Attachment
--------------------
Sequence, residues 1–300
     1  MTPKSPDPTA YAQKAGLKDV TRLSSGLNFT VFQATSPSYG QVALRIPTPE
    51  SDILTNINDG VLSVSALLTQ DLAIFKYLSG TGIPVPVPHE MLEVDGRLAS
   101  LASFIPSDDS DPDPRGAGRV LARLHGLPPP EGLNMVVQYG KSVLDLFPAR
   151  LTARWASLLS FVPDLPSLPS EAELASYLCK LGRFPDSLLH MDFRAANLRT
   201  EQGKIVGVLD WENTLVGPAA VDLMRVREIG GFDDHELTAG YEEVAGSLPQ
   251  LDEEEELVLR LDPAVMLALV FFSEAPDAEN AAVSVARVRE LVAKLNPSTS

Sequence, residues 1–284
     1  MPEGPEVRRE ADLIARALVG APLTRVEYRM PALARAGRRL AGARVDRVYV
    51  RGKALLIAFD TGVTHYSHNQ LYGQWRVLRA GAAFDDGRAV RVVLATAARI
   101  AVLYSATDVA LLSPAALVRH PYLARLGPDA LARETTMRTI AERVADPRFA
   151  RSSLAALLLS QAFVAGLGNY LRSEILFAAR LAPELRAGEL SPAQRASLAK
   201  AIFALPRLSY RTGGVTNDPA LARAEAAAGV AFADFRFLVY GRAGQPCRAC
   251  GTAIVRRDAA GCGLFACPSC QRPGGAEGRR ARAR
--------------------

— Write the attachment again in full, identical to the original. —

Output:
Sequence, residues 1–300
     1  MTPKSPDPTA YAQKAGLKDV TRLSSGLNFT VFQATSPSYG QVALRIPTPE
    51  SDILTNINDG VLSVSALLTQ DLAIFKYLSG TGIPVPVPHE MLEVDGRLAS
   101  LASFIPSDDS DPDPRGAGRV LARLHGLPPP EGLNMVVQYG KSVLDLFPAR
   151  LTARWASLLS FVPDLPSLPS EAELASYLCK LGRFPDSLLH MDFRAANLRT
   201  EQGKIVGVLD WENTLVGPAA VDLMRVREIG GFDDHELTAG YEEVAGSLPQ
   251  LDEEEELVLR LDPAVMLALV FFSEAPDAEN AAVSVARVRE LVAKLNPSTS

Sequence, residues 1–284
     1  MPEGPEVRRE ADLIARALVG APLTRVEYRM PALARAGRRL AGARVDRVYV
    51  RGKALLIAFD TGVTHYSHNQ LYGQWRVLRA GAAFDDGRAV RVVLATAARI
   101  AVLYSATDVA LLSPAALVRH PYLARLGPDA LARETTMRTI AERVADPRFA
   151  RSSLAALLLS QAFVAGLGNY LRSEILFAAR LAPELRAGEL SPAQRASLAK
   201  AIFALPRLSY RTGGVTNDPA LARAEAAAGV AFADFRFLVY GRAGQPCRAC
   251  GTAIVRRDAA GCGLFACPSC QRPGGAEGRR ARAR